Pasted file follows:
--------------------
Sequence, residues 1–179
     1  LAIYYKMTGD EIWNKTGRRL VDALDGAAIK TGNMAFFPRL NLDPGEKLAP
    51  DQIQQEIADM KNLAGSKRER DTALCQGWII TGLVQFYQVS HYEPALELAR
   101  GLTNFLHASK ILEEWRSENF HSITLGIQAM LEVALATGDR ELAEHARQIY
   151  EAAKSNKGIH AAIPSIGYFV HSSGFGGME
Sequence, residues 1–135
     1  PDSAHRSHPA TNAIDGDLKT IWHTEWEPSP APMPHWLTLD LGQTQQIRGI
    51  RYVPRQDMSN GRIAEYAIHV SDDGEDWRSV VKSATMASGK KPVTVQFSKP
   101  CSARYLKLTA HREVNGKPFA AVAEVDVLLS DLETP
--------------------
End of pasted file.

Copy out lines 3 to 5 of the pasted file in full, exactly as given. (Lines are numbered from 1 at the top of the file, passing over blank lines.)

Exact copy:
    51  DQIQQEIADM KNLAGSKRER DTALCQGWII TGLVQFYQVS HYEPALELAR
   101  GLTNFLHASK ILEEWRSENF HSITLGIQAM LEVALATGDR ELAEHARQIY
   151  EAAKSNKGIH AAIPSIGYFV HSSGFGGME